88th annual Waa-Mu show inspired by New York Times obituary series on overlooked women


Photo Credit: Justin Barbin

Northwestern students perform in the 88th annual Waa-Mu show, based on Amisha Padnani’s series “Overlooked.”

Abigail Sutter , Reporter

No one speaks ill of the dead — especially those who were never spoken about. But after New York Times editor Amisha “Amy” Padnani joined the obituary desk at the prestigious paper, she decided to shine a spotlight on the stories that were being kept in the dark.

“For The Record,” the 88th annual Waa-Mu show, explores these unheard voices, which is based on Padnani’s series “Overlooked.” To continue the dialogue the show creates, Padnani participated in a talkback after last Thursday’s production — a unique experience for most theatergoers.

The musical tracks a young journalist researching historical women who did not receive an obituary from her publication. It draws directly from Padnani’s series, which was intended to give attention to women and people of color who were not granted an obituary by the New York Times. Padnani said she had been thinking about the project since 2017, when she joined the newspaper’s obituary desk.

“I thought, ‘I’m a woman of color, I’m a journalist, I really ought to do something to help advance this conversation,’” Padnani said.

Padnani noted the response from readers was overwhelming, but after publication, some staff members still weren’t sold. Although her boss had only been running obits for 12 years, and according to Padnani, “can’t be blamed for 168 years of bigotry,” he was still fearful the problem she addressed would appear to be his fault.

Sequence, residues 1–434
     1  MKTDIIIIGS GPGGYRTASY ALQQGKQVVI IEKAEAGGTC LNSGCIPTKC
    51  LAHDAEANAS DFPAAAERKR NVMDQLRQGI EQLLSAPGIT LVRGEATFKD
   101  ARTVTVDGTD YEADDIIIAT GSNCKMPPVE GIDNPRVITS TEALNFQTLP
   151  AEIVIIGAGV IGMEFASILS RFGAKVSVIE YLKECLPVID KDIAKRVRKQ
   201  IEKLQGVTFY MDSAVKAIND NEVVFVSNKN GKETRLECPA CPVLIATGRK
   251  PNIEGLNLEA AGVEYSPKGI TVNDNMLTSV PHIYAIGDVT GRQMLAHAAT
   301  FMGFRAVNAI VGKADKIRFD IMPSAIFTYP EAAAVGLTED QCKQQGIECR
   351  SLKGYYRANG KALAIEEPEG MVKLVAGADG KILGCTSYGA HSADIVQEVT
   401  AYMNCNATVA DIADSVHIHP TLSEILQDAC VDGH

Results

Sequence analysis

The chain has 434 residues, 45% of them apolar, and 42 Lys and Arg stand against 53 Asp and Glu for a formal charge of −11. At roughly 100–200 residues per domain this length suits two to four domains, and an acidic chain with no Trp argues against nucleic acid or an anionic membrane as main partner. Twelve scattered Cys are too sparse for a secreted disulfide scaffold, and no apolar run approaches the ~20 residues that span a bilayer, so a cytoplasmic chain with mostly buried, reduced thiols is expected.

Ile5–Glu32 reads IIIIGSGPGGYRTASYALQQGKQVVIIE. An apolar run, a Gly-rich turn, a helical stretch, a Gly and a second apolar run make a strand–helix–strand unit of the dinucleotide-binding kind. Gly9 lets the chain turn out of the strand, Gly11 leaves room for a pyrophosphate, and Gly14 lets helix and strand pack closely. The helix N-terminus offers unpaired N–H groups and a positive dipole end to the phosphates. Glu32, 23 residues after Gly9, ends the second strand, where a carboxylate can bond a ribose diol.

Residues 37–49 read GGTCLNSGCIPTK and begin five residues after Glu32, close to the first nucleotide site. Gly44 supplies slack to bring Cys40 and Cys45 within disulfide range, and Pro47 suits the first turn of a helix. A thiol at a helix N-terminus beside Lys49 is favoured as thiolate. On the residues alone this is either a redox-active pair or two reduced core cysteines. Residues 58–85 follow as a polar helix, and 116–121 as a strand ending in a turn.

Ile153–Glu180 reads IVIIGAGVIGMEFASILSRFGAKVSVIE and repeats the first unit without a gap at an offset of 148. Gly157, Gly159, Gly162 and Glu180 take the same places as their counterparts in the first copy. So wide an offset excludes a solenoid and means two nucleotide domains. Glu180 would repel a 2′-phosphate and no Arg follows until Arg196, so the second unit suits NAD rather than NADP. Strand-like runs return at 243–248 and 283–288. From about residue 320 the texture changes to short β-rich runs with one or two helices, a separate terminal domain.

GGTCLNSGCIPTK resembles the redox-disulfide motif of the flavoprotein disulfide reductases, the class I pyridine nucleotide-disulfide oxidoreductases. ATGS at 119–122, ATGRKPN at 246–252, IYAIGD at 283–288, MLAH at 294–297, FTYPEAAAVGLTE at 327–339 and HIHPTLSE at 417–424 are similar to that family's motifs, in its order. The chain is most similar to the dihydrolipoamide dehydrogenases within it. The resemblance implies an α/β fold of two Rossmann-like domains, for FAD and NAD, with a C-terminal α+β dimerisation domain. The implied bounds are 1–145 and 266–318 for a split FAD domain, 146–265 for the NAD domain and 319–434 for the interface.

“They felt it was self-flagellation of the New York Times,” Padnani said.

Similarly to Padnani, the Waa-Mu show also decided to face its own problems, and has worked to diversify this year’s production team.

Communication Prof. Stephen Schellhardt directed the musical and said there was an emphasis placed on inclusivity even before the show was written. There were equal numbers of male and female writers, and he brought Chicago-based director and choreographer Amanda Tanguay on as assistant director and choreography mentor to make sure several voices shaped the show.

“I think that’s why the show is so strong, because without their voices it would feel odd,” Schellhardt said. “When you have a collaborative and positive process with women’s voices, men’s voices, a diverse group of voices in the room, the product is better.”

Tanguay said the show married her two favorite interests: history and musical theater. She noted the show feels “very timely and 2019,” adding that she finds musical theater and journalism alike because they both record current events for present and future audiences.

“It’s really important to show women accomplishing great things because it inspires younger generations to do the same,” Tanguay said. “It also inspires allies to highlight these achievements of women and support women in leadership roles.”

Communication senior Marielle Issa, who played the lead role of Andi, noticed the change Schellhardt worked to create.

Issa discussed how the female representation in rehearsals made a difference. This is the first Waa-Mu show she has been in with a female assistant director, and Issa said having a woman in the room meant a lot to her. She added there were more women involved in Waa-Mu this year — from leadership roles to orchestra members — than ever before.

“There’s a new generation of amazing players and writers who are just going to own Waa-Mu, which is awesome,” Issa said.

All involved agreed they felt nervous when Padnani came to visit. Issa said she felt she was the most nervous of the actors, while Schellhardt and Tanguay said they experienced a multitude of emotions including excitement, nerves and pride in what they created.

For Padnani, the experience was humbling.

“It was really such an honor,” Padnani said. “It was a lot of fun, it was very meaningful. It was inspiring for me too.”

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